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Upper palaeolithic and late stone age human diet.

https://arctichealth.org/en/permalink/ahliterature173462
Source
J Physiol Anthropol Appl Human Sci. 2005 Jul;24(4):433-8
Publication Type
Article
Date
Jul-2005
Author
Maria V Dobrovolskaya
Author Affiliation
Institute of Archaeology, Russian Academy of Sciences, Moscow, Russia. mk_pa@mail.ru
Source
J Physiol Anthropol Appl Human Sci. 2005 Jul;24(4):433-8
Date
Jul-2005
Language
English
Publication Type
Article
Keywords
Bone and Bones - chemistry
Calcium - analysis
Carbon Isotopes - analysis
Diet
Female
Fossils
Humans
Male
Metals, Heavy - analysis
Nitrogen Isotopes - analysis
Paleontology
Russia
Spectrophotometry, Atomic
Abstract
Undoubtedly modern mankind is an omnivorous species. Nevertheless, types of diet changed at the time of anthropogenesis. The Upper Palaeolithic period is the crucial time because of the appearance of anatomically modern humans in Europe. The main goal in this period investigation is to find the Neanderthal man-Upper Palaeolithic man diet distinction. A sharp early Holocene rise in humidity and temperature and melting of the permafrost resulted in the complete destruction of traditional migration routes, campsite losses, and the flora and fauna of inland territories changing. All these factors affected nutrition patterns, too. The comparison of the different Mesolithic and Neolithic groups' diet patterns allow us to discuss problems of the influence of cultural and ecological factors. The bone tissue chemical concentrations (Ca, Zn, Sr, Cu) from Upper Palaeolithic, Mesolithic and Neolithic burials are considered to reconstruct individual and group patterns of nutrition. The results of the atomic absorption method were used.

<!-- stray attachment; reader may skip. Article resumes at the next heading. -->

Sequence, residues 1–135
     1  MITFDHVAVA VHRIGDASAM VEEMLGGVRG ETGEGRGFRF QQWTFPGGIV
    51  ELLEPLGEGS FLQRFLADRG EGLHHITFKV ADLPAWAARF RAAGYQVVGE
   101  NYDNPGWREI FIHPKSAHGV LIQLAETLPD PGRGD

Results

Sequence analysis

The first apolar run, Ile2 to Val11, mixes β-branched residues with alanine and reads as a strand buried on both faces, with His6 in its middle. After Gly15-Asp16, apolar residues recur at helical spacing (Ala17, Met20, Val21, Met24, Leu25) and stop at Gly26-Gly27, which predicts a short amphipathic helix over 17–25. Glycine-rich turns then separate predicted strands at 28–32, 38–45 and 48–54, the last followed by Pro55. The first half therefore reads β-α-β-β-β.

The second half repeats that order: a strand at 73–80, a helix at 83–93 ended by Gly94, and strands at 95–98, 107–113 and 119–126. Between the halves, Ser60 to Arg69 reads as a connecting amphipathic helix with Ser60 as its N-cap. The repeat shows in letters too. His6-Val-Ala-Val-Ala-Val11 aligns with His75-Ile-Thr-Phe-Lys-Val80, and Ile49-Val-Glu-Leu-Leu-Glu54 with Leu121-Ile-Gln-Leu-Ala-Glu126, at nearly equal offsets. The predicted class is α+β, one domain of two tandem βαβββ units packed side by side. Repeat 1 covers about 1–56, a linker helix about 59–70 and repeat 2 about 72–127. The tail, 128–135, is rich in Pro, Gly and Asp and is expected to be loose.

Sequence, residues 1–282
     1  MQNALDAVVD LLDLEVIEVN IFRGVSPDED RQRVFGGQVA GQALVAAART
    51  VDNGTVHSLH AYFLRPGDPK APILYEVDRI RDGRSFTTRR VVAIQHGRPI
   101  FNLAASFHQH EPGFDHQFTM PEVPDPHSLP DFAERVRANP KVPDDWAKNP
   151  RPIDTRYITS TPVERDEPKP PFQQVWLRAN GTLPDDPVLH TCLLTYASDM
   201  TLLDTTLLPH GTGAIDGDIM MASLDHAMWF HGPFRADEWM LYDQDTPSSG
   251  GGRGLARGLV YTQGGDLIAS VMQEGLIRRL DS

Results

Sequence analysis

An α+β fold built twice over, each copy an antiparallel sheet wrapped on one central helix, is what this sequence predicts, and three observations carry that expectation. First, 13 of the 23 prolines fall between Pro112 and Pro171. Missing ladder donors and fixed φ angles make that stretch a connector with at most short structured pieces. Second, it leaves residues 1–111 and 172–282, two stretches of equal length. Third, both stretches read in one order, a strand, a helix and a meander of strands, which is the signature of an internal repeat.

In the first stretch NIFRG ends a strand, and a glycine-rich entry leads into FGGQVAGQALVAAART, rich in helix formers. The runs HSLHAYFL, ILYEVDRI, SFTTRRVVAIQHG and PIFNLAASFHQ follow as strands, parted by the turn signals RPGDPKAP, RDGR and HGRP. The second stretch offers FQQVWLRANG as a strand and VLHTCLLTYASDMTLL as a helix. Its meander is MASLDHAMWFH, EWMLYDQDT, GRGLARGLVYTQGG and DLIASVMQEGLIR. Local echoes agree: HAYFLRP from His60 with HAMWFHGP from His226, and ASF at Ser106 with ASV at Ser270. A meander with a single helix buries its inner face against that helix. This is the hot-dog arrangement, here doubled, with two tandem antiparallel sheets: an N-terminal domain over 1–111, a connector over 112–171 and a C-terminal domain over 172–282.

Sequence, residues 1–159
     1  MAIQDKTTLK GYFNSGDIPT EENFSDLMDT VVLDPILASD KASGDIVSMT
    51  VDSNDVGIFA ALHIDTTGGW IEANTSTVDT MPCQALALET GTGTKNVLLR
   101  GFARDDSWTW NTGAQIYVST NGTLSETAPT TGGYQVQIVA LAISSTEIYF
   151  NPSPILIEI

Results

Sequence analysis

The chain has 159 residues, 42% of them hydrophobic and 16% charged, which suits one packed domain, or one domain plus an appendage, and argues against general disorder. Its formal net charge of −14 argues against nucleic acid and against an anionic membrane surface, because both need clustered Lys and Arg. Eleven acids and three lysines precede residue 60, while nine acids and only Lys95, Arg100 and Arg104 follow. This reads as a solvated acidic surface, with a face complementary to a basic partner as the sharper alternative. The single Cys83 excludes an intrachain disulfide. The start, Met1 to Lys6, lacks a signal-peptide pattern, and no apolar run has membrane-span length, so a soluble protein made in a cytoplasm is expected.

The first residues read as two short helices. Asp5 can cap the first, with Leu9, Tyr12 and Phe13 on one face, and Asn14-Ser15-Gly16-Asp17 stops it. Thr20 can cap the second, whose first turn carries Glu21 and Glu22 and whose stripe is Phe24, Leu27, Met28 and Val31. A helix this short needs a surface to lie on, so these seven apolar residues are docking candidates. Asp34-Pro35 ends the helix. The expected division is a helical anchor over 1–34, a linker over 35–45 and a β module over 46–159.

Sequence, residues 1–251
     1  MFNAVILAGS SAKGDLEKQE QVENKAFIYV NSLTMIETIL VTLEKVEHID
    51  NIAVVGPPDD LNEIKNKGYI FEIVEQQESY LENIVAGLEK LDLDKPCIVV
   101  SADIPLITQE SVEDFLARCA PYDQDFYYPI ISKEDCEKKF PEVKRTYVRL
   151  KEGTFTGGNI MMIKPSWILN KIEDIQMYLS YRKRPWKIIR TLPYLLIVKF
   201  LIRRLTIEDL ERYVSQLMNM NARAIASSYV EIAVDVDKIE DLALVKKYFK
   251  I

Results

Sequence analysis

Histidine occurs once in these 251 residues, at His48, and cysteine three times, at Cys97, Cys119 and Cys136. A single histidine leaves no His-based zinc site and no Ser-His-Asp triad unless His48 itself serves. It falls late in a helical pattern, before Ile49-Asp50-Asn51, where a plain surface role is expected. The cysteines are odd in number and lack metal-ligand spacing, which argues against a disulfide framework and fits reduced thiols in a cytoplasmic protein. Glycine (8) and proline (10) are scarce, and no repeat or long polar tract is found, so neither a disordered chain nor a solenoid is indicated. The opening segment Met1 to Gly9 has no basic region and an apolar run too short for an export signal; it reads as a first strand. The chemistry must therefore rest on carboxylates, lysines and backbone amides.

PubMed ID
16079593 View in PubMed
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